This is a very valid point and hugely disappointing
I just found the summary of this thing:
"The story focuses on a woman (Scarlett Johansson) who is forced to become a drug mule. But when the drug accidentally goes into her body, she is mysteriously granted superhuman powers. She absorbs knowledge instantly, can move objects with her mind and can’t feel any pain or distress–plus look hot as hell doing it."
Isn’t insensitivity to pain considered a disability? And isn’t it a serious problem for those who have that genetic condition?
Also, you’re going to love WHY she gets the superpowers. To quote The Journalist: “The pretext for this is that the drug allows her access to 28% of her brain’s capacity, as the human mind only allows access to 10%. Teaming up with a professor, played by Morgan Freeman, she examines her own abilities and looks to see what happens when 100% of her mind’s capacity is unlocked.”
The “only 10% of the brain is used” concept is a complete myth. All of the brain is used—it’s just that it isn’t used simultaneously. Also, much of the brain exists to keep the body operational. It’s not just for thinking.
So far we’ve got racism, faux feminism, scare tactics, trying to pass off a disability as a superpower, and incredibly bad science even by Hollywood standards. Great.
those are fruits and vegetable names written in blood-like paint behind her… are they code words? do they mean something? or do they just look like convenient oriental gibberish to serve as props?
I’m thinking probably just gibberish. Someone needed convenient handwritten words, so they went to Chinatown and took pictures of the fruit stands because they were the first ones they could find.
This is exactly why the trailer made me feel uncomfortable. Especially because Lucy is only able to overcome by being dominated and manipulated, and especially because they decided to use Taiwan as an evil exotic prop.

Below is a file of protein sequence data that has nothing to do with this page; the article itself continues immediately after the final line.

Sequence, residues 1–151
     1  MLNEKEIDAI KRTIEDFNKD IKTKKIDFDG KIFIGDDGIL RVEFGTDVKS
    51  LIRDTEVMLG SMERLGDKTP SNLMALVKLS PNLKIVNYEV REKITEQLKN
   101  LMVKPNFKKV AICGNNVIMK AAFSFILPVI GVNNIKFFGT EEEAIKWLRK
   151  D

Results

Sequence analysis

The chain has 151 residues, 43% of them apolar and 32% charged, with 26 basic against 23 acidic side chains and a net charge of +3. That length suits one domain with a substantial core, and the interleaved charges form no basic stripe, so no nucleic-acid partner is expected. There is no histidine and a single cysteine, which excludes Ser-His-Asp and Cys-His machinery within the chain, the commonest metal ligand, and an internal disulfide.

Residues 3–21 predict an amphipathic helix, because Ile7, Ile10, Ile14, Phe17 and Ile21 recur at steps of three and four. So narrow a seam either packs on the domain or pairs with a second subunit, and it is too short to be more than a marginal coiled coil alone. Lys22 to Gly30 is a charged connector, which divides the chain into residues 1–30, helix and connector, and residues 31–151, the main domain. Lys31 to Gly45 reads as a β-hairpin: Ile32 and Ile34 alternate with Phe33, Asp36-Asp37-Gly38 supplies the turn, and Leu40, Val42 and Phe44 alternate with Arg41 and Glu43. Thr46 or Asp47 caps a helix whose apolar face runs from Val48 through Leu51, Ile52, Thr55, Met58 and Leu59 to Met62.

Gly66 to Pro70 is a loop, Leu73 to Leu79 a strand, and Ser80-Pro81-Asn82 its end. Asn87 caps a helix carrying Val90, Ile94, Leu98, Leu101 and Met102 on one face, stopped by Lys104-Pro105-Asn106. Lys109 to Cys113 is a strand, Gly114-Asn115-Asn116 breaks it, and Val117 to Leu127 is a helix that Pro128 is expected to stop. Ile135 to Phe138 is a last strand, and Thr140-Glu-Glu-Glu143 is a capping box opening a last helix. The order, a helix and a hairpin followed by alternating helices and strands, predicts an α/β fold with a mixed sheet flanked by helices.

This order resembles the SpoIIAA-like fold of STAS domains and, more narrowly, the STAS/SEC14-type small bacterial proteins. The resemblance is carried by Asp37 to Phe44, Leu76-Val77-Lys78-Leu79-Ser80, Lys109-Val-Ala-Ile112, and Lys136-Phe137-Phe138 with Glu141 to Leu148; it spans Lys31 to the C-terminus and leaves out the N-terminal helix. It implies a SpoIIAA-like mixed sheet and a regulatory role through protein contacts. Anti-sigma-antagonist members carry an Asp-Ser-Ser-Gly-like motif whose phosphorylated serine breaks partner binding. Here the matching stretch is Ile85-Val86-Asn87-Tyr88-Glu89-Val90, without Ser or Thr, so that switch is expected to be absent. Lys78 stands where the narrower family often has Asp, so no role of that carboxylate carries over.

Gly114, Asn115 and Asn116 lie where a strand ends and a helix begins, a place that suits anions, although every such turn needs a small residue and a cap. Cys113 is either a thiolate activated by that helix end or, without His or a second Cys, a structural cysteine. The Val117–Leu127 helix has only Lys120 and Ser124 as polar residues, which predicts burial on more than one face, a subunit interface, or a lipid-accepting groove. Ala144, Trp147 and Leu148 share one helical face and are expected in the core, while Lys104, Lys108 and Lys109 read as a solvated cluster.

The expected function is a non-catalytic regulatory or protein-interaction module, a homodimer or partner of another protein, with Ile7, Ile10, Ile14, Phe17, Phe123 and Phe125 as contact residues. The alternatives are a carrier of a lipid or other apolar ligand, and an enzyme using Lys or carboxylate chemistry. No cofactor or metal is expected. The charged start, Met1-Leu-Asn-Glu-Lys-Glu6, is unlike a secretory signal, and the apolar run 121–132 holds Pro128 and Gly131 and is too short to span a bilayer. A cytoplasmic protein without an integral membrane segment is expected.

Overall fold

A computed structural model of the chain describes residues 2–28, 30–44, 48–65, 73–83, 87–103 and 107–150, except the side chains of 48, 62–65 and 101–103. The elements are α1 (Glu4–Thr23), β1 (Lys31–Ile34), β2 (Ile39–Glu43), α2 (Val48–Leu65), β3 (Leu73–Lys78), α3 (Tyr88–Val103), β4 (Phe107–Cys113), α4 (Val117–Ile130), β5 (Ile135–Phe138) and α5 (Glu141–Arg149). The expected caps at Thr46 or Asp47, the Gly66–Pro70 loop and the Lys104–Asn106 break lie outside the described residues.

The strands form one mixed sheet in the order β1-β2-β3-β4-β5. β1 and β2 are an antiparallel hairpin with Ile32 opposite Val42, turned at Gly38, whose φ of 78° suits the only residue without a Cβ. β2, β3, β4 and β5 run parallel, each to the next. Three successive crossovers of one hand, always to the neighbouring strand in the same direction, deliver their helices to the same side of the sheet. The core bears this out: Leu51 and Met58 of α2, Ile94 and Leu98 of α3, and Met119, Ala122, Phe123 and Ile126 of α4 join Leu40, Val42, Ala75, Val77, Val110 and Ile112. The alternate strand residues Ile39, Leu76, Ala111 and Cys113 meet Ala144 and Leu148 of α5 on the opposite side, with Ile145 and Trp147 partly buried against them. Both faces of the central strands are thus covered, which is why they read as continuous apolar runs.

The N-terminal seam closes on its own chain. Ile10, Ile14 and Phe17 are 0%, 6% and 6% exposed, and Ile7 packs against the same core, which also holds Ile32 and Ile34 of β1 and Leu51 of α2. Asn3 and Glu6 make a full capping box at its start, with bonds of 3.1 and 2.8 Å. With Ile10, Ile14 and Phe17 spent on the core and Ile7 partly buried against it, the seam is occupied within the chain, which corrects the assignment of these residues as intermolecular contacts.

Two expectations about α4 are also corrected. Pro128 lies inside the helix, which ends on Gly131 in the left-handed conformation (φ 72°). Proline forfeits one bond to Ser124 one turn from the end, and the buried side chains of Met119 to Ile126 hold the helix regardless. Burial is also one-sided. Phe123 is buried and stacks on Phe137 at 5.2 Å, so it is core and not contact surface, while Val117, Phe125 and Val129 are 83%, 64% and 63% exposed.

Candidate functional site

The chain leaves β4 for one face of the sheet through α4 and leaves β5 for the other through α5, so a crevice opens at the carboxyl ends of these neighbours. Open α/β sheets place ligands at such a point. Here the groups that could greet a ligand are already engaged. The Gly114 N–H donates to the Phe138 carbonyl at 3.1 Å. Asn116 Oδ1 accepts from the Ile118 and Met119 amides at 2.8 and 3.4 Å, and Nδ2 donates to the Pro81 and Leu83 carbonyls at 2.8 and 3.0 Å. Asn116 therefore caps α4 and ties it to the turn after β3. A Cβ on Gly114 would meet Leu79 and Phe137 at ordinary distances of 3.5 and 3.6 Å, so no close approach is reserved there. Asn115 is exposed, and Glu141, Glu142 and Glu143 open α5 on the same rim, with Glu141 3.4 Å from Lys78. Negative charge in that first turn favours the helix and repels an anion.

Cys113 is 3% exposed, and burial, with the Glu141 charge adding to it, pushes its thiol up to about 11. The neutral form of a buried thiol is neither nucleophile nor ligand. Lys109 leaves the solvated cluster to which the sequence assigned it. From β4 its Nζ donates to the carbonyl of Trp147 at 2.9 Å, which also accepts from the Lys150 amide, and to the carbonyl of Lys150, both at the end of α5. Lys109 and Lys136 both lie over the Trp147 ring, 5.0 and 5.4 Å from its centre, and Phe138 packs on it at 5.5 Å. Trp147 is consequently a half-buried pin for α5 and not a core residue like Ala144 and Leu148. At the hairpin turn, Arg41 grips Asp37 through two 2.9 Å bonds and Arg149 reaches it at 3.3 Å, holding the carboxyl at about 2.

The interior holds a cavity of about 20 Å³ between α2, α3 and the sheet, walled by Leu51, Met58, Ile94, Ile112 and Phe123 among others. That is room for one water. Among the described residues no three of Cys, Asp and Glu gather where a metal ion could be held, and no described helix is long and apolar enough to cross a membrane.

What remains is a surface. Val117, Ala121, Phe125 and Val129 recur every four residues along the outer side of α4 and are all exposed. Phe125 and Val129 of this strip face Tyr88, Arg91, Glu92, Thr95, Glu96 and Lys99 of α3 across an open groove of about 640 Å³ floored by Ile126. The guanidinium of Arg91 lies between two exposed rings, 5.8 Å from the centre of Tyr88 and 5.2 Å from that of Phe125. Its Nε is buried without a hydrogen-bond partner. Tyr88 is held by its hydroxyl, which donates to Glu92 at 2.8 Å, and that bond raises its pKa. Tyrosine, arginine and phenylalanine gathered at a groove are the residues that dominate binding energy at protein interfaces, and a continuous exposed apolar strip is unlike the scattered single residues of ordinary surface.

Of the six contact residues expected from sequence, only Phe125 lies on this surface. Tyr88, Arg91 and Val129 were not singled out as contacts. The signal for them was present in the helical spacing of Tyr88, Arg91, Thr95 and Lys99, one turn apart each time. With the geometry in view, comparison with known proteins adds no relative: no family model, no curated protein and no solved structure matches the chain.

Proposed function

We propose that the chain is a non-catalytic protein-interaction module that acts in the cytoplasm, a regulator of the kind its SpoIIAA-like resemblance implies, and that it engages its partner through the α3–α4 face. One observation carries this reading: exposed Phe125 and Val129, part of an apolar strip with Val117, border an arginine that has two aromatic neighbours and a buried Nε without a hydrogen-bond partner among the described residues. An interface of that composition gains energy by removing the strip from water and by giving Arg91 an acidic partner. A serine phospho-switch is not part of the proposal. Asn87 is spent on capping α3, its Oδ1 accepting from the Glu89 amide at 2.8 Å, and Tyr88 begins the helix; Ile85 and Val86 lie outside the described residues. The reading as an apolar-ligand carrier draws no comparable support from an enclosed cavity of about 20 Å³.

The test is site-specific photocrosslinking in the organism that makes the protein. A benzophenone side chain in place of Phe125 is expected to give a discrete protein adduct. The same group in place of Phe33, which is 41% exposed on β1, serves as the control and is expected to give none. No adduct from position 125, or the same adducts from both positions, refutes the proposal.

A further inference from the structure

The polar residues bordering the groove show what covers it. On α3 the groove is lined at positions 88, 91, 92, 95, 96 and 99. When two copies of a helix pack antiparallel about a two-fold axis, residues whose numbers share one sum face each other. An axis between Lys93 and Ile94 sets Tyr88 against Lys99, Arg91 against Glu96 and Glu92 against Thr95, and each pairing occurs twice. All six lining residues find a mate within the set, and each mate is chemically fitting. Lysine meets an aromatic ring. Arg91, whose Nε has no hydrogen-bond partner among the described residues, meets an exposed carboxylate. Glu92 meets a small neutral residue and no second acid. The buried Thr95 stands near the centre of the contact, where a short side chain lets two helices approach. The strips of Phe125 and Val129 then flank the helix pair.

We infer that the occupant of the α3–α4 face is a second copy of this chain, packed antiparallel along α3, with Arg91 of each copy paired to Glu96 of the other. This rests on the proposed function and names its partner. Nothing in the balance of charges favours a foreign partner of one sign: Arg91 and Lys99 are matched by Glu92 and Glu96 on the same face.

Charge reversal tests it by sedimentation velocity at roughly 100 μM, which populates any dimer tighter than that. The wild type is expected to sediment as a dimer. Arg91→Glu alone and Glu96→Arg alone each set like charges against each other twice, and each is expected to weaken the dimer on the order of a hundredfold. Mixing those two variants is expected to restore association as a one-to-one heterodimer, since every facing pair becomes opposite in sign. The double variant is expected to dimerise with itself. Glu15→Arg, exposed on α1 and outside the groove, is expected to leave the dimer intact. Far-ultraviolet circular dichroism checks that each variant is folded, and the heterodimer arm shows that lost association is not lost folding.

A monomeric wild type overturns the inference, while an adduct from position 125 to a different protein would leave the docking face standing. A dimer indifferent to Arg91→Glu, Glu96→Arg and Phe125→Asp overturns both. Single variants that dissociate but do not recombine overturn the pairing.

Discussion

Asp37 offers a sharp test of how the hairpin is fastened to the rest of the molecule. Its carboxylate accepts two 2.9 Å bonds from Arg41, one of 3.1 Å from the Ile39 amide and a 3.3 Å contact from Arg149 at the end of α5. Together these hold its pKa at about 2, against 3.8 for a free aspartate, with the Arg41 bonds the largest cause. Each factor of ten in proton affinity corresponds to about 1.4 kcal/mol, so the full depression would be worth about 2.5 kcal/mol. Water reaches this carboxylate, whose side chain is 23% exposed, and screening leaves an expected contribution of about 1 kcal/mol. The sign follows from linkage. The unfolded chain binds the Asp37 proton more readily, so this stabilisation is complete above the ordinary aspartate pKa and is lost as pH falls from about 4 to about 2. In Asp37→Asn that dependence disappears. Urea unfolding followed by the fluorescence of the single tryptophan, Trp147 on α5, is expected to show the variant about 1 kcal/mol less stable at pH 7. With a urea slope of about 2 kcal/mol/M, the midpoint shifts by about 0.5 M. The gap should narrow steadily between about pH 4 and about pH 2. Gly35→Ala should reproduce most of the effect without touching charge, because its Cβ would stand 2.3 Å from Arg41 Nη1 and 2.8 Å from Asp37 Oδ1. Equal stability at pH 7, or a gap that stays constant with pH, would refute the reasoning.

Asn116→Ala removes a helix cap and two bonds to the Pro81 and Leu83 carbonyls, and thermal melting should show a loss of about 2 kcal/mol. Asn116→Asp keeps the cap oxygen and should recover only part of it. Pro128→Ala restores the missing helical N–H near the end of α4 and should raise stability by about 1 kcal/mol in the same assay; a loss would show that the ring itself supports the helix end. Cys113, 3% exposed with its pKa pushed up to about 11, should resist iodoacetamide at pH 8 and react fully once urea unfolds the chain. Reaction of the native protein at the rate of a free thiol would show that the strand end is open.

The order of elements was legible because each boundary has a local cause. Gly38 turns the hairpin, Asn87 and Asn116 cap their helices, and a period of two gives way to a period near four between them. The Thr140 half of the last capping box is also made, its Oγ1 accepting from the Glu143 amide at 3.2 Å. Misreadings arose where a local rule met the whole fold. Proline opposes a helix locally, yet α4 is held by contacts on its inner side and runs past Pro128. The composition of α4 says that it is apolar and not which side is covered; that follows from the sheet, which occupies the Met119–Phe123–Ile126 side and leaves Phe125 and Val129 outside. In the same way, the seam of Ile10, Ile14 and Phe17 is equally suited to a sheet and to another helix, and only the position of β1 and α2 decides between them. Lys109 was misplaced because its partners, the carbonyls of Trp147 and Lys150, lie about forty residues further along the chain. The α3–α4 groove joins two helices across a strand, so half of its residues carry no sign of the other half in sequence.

Also, the pseudoscience of the 10%-of-the-brain really bothered me too.
Sorry, but this film just disgusts me.
First of all, that first statement is an overgeneralization. Not every Chinese person is going to be skilled at math of course. It’s ignorant to go into these stereotypes.
But try this:
Read them out loud to yourself. Now look away, and spend twenty seconds memorizing that sequence before saying them out loud again.
If you speak English, you have about a 50 percent chance of remembering that sequence perfectly If you’re Chinese, though, you’re almost certain to get it right every time.
Why is this?
One explanation is because the Chinese language allows them to read numbers faster.
Chinese number words are remarkably brief. Most of them can be said in less than 1/4th of a second (for instance, 4 is ‘si’ and 7 ‘qi’)
Their English equivalents—”four,” “seven”—are longer: pronouncing them takes about 1/3 of a second.
The English number system is also VERY illogical.
For example, right after the word 10, instead of saying one-ten, two-ten, three-ten we have different words like 11,12.
Not so in China, Japan and Korea. They have a logical counting system. Eleven is ten one. Twelve is ten two. Twenty-four is two ten four, and so on.
That difference means that Asian children learn to count much faster. Four year old Chinese children can count, on average, up to forty. American children, at that age, can only count to fifteen, and don’t reach forty until they’re 5 years old.
The regularity of their number systems also means that Asian children can perform basic functions—like addition—far more easily.
Ask an English seven-year-old to add thirty-seven plus twenty two, in her head, and she has to convert the words to numbers (37 + 22).
Ask an Asian child to add three-tens-seven and two tens-two, and no translation is necessary.
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Huh. That’s really interesting!
This makes so much more sense than the racist bullshit people come up with.
I learned something today
Do you know how many composers there were at my school?
There were what posers?